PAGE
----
Tomorrow’s stage will climb Alpe d’Huez twice but it’s the lone descent of the Col de Sarenne that’s got many talking. Riders are worried and articles are being written about this new descent. The Tour de France could not hope for anything better.
Fear has long been part of the drama of the Tour. In the early years of the race the railway had united much of France but the mountains remained an impenetrable land of mystery. Tour de France organiser Henri Desgrange deliberately tried to scare the riders and with talk of bears roaming the Pyrenees and the public lapped up the hype. Desgrange once quipped, perhaps insincerely, that the ideal Tour de France should have only one finisher, as if a bike race should turn into a last man standing contest.
Ideally the fear should be bigger than the reality. The 2011 Giro had a big mountain stage that ended on the Zoncolan but crucially climbed Monte Crostis and then took a gravel descent. This was worrying riders a lot and race organisers RCS set about lining the road with padding on one side to protect against hitting the mountain and safety nets on the other to stop riders flying down. It was absurd, rather than borrowing from nature the race had invented a wacky-races contest where all that was missing was a cackling Muttley. In the end the stage was modified at the eleventh hour and the only casualty was race director Angelo Zomegnan, who was left to fall on his sword and Michele Acquarone took over.
The Col de Sarenne
So how dangerous is the Col de Sarenne? There’s no way to measure it. Now you could try to score a road based on its gradient, width, surface, the number of corners and the vertical drop off the side but it’s really something you know when you do it.
Your correspondent has checked all the Alpine stages of the Tour and the Sarenne does feel wild but it’s not exceptional, there are other dangerous roads in this race. There must be 101 more scary descents in France and Italy, including the Col de la Rochette tackled yesterday. This is not to say the Sarenne is easy. It’s steep at the top and suffers from the schist-like rocks crumbling onto the road. Plus there are big drops, one mistake could be horrific. Yet this is valid for many mountain roads in grand tours, I can’t see what is novel with the Sarenne.
The route was announced last October and ever since all the teams have had a chance to visit the road. It was used in the Dauphiné so riders could test it in race conditions. There was a crash but it happened when a rider tangled with a team car so the mountain might not be to blame.
“L’enfer, c’est les autres”
– Jean-Paul Sartre, Huis Clos
Sartre said “hell is other people” and if he wasn’t talking about the peloton, it’s worth borrowing the quote because the danger of a descent can come from other riders taking risks. This is always the case in a bike race and Gerard Vroomen makes the case for descending as a race skill today.
Some will say “man up” when riders raise concerns about safety. When I say the Sarenne is not so bad, I’m not joining this call, rather I’m comparing it to other mountain roads which seem equally risky. For those saying riders should stop complaining, be careful with your armchair impressions. I’d urge you to look at the point of view of riders for whom cycling is a job. Visit a factory today and you’ll see plenty of safety warnings and practices that never existed a century ago. Like it or not, it’s normal that pro cycling follows with 21st century workplace safety.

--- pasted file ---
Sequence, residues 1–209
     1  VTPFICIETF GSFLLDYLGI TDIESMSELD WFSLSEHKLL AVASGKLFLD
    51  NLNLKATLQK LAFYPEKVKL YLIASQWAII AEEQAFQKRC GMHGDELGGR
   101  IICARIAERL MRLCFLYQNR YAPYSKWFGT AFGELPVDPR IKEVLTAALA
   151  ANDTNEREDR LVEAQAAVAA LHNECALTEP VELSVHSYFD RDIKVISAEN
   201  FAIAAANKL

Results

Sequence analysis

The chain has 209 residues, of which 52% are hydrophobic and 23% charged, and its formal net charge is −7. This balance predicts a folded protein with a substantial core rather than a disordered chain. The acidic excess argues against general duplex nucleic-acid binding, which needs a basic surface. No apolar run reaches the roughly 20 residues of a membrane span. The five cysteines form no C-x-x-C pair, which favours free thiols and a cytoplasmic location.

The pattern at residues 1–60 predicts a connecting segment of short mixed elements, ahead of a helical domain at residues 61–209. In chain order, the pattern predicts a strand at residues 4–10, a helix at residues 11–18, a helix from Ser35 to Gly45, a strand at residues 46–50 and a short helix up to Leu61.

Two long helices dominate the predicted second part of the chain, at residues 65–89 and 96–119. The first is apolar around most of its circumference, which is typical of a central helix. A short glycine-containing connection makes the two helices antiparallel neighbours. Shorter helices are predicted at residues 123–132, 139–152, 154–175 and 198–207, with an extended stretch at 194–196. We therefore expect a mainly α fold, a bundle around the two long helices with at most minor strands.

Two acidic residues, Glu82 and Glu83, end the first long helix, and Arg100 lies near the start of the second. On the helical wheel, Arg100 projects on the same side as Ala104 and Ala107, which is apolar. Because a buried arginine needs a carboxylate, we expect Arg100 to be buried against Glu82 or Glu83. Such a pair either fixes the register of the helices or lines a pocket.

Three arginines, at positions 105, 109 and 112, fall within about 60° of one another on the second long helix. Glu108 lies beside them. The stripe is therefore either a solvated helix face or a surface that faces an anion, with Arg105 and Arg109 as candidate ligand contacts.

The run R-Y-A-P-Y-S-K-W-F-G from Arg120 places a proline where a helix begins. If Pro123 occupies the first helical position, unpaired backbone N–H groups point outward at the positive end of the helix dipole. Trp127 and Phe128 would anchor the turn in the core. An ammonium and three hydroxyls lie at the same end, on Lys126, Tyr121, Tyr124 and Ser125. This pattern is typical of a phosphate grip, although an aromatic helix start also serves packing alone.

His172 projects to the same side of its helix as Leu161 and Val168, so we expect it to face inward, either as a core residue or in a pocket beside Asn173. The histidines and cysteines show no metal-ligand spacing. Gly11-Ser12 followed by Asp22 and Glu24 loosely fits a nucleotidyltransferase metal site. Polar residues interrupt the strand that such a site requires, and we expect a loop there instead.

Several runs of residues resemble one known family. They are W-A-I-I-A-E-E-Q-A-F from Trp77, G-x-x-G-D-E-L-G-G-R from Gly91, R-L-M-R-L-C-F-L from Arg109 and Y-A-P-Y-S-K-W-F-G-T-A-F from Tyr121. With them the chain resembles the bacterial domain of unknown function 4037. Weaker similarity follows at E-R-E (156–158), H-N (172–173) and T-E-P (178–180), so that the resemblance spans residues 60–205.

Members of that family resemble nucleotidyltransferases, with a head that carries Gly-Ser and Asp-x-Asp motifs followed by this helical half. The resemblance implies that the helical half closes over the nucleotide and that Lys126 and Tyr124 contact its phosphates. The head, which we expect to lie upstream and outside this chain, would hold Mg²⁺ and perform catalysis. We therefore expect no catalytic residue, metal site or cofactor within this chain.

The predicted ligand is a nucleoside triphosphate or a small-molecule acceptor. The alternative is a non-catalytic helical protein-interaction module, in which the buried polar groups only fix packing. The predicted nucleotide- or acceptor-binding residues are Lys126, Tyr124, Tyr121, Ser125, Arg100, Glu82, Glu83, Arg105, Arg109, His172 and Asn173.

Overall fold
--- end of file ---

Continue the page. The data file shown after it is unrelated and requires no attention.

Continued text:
Workplace safety has often been improved by the work of unions. In cycling there is the CPA but today it’s issued a statement condemning the suspicion hanging over Chris Froome, declaring “it’s not fair to blame someone without evidence.” But the union swings into action long after the problem has emerged and at this rate they’ll raise concerns about the Col de Sarenne next week. Instead any safety issues should have been raised months ago.
There are ongoing attempts to improve safety. After a series of crashes in 2011 the UCI pledged an enquiry into safety but the conclusions have never been made public although I gather the Road Commission and the Athlete Commission have reviewed them.
The Tour has thrived on the promise of danger, a hype that’s often been inflated beyond reality in a bid to attract an audience. Whether wild tales of marauding bears a century ago to the certified extremes offered by the mountains today. Sure the Col de Sarenne is difficult but I’m not convinced it’s worse than anything the Giro or Vuelta can offer; perhaps it’s the pressure of the Tour de France that makes some nervous and besides a dangerous accident can happen any time, just see the first week of this race.
But just as workplace safety practices have changed over the year for offices and factories, cycle races will see safety measures. We’ve seen the compulsory use of helmets and risk assessments are part of the pre-race planning. But as long as riders make lone soundings about safety, nothing changes except they hype up the excitement to the profit of ASO and television producers.
The top picture and the images below have been sent in by reader Guy of the King of the Mountains bed and breakfast located near Alpe d’Huez and the Sarenne. Thanks.